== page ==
Two IDF soldiers were killed and seven others were wounded, most of them suffering shrapnel injuries and broken bones, in an attack on northern Israel launched Wednesday at 11:35am by the Iranian-backed Hezbollah terrorist organization.
A UNIFIL peacekeeper from Spain also died in the exchange of artillery fire that followed.
The multi-pronged attack on Mount Dov, Mount Hermon and the Metullah area in northern Israel involved gunfire and anti-tank missiles directed at a convoy of two IDF vehicles and two civilian vehicles traveling from Mount Dov. Both of the unarmored army jeeps were hit directly.
One of the missiles hit a home in the Druze village of Ghajar, which caught fire.
The IDF was instructed to evacuate all civilians from Mt. Hermon, according to IDF Spokesman Lt.-Col. Peter Lerner. Residents of Metulla and Kibbutz Snir were asked to stay inside on lockdown. The area of the northern Golan Heights along the border with Syria has since been declared a closed military zone. Roads to the area were closed to all civilian traffic. Route 99 was shut down by police in both directions and the airports at Rosh Pina and in Haifa were still closed on Wednesday evening.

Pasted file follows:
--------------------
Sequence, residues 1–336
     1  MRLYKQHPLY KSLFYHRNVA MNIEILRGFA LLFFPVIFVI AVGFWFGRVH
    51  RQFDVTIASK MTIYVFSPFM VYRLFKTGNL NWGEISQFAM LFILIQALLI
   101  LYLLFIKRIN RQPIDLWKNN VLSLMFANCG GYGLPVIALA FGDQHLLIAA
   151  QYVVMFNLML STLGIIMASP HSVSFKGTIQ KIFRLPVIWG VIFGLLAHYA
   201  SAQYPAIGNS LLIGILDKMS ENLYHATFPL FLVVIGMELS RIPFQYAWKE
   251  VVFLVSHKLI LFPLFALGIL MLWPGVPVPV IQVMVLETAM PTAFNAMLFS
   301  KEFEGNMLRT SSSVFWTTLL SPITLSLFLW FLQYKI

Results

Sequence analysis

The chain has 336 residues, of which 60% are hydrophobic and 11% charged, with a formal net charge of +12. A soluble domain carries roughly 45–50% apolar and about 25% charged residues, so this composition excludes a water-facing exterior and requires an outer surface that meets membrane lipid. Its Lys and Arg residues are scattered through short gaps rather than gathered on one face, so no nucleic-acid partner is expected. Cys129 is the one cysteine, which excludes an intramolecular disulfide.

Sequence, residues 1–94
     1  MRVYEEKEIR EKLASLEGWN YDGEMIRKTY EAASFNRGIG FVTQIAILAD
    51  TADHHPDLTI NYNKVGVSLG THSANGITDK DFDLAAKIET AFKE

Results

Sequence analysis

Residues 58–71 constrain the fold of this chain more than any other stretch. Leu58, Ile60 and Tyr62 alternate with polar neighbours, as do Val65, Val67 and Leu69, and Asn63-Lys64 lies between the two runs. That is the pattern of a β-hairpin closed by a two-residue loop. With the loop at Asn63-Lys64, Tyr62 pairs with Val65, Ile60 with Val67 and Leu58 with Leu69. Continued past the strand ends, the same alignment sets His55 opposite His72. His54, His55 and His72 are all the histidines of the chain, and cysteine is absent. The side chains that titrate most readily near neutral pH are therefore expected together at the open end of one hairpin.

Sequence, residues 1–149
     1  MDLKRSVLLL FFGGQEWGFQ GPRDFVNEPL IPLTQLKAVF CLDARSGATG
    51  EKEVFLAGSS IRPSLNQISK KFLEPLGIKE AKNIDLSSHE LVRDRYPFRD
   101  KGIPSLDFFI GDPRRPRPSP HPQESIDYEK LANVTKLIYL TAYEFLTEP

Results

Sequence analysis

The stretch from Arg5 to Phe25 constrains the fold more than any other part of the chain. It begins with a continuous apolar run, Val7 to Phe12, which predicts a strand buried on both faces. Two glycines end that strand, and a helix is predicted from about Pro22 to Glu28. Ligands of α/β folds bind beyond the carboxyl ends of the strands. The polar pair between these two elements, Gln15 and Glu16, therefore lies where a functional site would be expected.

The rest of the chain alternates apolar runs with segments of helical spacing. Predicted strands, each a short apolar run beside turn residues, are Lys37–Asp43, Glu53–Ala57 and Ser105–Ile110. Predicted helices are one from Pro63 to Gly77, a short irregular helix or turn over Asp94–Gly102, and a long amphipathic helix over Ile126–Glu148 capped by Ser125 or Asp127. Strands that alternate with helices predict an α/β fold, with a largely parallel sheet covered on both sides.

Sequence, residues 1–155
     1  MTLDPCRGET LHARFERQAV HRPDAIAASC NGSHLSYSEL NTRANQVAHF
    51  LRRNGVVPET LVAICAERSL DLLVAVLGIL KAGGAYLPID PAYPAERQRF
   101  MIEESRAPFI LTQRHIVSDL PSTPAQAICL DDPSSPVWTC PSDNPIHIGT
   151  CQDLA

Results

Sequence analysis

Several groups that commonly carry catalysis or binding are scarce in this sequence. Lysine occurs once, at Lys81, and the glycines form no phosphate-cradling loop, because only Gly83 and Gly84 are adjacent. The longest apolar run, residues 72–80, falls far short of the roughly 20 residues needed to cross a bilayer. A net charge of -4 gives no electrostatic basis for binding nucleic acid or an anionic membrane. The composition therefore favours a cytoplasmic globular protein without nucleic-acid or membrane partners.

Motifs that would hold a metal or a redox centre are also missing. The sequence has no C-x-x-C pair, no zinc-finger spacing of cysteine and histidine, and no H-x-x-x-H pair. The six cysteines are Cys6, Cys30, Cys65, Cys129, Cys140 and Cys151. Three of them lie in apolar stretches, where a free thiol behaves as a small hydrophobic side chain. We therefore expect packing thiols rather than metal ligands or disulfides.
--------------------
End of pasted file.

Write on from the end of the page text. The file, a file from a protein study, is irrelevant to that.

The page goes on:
The IDF returned artillery fire to the source of the attack, launching more than 20 shells at the southern Lebanon village of Kfar Shouba, according to military sources speaking on Army Radio. Although it appears that Hezbollah attempted to carry out a cross-border abduction raid similar to that launched in 2006 at the start of the Second Lebanon War, the effort failed and there were no kidnappings, an IDF spokesperson said.
IDF Chief of Staff Benny Gantz convened an emergency assessment meeting as IDF troops were sent to the north to beef up forces in the region.
The IDF searched the area for tunnels near Zarit, where residents over the past year reported hearing the sounds of tapping and perhaps “digging” underneath their homes.
For obvious reasons, the IDF and IAF are on the highest alert status. Government leaders told media at 3 pm that the situation appeared to have “calmed” for the present time but that there is “not yet a feeling of having returned to a normal routine.”
This was the most serious security incident to take place in northern Israel since the Hezbollah rocket attack and kidnapping of two IDF soldiers that led to the 2006 Second Lebanon War.